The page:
|On an elevator, you have an extremely limited timeframe to interest someone. Hence the term "elevator pitch!"|
I'm giving this from the viewpoint of someone what has crafted investor materials for her business and others' businesses that have helped pull in investors. I've also been (and am) an angel investor and am an author who has written about raising capital and obtaining business financing.
For your elevator pitch (and with any early engagement with a potential or prospective angel investor) you must be compelling. You must assume that I don't know you from Adam. Of course, if you knew the person he or she would probably give you much more than 30 seconds, right! If you are approaching people or sending materials out to people who are not friends, family or acquaintances, then the "don't know from Adam (or Eve) probably applies! You must think from the viewpoint of the person you are reaching out to. You can think your product is awesome but if you didn't know you and someone approached you out the blue, what would you need to hear from that person?
Say you're targeting me. You only know of me from reading this blog. Ask yourself, "What would convince Tiffany to talk to me about my business? What will investing in my business do for her? She wants to make money. If she wanted to donate, I'm sure she'd donate to the charity of her choice. So how will my business make her money?" As an angel investor, how your business will make me money is my number one concern.
|Angel investors are investors who help your business in return for increasing their net worth, NOT savior donor.|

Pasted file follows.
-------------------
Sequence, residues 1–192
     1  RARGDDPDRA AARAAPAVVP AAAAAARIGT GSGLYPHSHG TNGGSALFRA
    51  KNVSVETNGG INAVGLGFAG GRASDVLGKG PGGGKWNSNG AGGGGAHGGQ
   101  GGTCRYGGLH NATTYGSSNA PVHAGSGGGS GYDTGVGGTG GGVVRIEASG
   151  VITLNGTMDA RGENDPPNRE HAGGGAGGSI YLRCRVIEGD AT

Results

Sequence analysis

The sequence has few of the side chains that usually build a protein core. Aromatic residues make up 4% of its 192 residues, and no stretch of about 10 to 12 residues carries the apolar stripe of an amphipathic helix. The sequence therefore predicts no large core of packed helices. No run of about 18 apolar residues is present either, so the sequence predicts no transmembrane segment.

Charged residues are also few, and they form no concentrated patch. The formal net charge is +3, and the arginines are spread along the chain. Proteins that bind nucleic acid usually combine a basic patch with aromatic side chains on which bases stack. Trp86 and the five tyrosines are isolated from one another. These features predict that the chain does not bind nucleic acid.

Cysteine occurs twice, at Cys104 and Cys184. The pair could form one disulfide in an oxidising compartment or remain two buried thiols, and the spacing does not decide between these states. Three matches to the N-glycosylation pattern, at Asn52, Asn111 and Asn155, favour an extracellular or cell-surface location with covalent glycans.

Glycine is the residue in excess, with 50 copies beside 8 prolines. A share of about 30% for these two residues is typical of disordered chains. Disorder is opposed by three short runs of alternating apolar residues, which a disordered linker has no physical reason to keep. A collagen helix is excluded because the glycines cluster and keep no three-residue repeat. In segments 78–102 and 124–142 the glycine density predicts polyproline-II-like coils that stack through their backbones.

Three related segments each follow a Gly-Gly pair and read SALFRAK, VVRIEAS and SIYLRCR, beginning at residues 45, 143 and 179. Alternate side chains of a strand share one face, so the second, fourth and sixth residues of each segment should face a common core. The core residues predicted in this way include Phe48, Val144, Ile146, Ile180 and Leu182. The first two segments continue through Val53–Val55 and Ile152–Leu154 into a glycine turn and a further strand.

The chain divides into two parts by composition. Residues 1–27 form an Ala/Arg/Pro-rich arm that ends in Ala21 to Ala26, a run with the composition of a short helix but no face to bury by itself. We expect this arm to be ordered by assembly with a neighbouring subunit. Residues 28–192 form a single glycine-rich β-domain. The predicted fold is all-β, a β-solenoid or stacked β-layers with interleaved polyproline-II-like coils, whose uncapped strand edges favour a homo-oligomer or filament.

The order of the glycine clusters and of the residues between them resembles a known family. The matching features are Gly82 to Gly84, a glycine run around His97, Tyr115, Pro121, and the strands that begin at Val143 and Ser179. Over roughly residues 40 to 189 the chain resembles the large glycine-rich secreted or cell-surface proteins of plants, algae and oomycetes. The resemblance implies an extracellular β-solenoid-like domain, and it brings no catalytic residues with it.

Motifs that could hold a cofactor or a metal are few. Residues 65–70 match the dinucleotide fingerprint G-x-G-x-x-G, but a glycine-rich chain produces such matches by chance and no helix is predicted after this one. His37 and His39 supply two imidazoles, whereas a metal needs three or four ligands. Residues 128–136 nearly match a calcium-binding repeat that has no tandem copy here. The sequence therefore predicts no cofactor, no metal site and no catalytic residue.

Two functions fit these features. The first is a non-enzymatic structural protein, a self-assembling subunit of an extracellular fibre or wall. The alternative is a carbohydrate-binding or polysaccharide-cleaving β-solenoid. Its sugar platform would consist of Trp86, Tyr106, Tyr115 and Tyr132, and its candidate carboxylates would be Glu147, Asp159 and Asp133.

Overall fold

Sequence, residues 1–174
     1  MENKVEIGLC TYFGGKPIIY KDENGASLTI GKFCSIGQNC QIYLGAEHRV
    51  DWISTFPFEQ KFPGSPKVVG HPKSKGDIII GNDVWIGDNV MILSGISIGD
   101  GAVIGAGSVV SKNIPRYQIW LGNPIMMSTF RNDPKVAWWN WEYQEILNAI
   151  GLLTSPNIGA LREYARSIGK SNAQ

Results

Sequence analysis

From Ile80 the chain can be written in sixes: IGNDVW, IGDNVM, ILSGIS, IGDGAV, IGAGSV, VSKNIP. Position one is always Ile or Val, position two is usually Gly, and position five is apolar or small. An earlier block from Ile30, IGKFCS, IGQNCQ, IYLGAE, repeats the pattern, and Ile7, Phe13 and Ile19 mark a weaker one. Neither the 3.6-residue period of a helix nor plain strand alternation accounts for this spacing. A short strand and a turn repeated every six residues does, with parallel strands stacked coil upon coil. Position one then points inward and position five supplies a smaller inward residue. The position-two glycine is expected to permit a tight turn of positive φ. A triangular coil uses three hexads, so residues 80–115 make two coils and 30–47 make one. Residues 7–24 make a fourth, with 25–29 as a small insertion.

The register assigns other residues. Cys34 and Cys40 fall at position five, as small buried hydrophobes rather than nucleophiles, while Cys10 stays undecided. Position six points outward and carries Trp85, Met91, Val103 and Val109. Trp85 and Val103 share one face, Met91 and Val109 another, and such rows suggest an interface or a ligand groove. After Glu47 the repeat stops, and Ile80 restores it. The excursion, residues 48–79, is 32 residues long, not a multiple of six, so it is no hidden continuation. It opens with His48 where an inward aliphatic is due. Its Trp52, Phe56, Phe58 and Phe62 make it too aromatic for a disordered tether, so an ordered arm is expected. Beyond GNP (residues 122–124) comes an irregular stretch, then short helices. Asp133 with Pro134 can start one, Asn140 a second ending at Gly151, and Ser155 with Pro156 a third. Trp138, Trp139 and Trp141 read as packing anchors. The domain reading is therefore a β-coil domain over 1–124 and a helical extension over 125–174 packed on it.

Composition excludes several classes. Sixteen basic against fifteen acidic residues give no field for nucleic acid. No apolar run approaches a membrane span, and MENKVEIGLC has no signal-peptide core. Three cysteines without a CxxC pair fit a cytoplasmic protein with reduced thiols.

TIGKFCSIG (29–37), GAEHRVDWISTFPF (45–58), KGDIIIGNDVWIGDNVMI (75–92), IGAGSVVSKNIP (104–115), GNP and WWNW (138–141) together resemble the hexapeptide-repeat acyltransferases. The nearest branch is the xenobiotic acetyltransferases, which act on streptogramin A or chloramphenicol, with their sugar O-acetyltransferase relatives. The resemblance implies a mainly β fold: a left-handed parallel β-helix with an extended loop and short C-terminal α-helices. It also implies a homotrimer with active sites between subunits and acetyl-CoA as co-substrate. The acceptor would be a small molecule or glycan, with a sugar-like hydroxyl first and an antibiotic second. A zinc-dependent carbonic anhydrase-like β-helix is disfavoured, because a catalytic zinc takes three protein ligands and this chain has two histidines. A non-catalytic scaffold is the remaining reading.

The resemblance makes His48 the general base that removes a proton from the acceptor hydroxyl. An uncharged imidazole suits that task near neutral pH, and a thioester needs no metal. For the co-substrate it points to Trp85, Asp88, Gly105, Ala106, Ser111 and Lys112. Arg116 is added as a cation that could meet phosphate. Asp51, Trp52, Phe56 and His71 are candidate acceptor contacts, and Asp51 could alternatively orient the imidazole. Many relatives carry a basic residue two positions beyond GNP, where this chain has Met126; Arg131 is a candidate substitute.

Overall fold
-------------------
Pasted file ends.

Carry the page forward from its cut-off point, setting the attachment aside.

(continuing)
You must hone in on the need in your marketplace that's being served poorly or not being served at all. What is your target market's pain points? What is the market's size? The bigger the market, the more compelling, i.e., the better. Is the market size $1 billion? $3 billion? Less? More? What percentage of that market do you think your business could capture? 3% of $1 billion is $30 million, which is a lot more than 5% of $100 million, or $5 million. Then you must be able to state exactly how you will serve that need faster, better, cheaper, or some other way that makes you stand out from your competitors.
Distill this down to 30 to 60 seconds (2-3 minutes at most) to arrive at your elevator pitch. If you are emailing out to others instead of actually speaking to them, then use this one -two paragraph "grab me" statement as your introduction and attach a 1-page summary of your business. This one-page summary sheet provides much more detail on what's in your pitch, yet it is still concise. Click on the link to see an investor summary sheet example. The one-page investor summary sheet provides detail in a much more concise form than an executive summary and is therefore a critical component of business financing / raising capital.
Consequently, an angel investor is much more likely to read a one-pager summary sheet from someone he doesn't know than he is to read an executive summary. This one-pager also helps potential angel investors quickly decide if they want to go further. Furthermore, many angel investors restrict their investments to certain industries or types of businesses that they feel the most comfortable with. However, if a potential angel investor thinks your business sounds interesting, the investor will forward the one-pager on to another investor he thinks your company would be a better fit for.
Once a potential investor expresses interest in learning more, you send him an executive summary.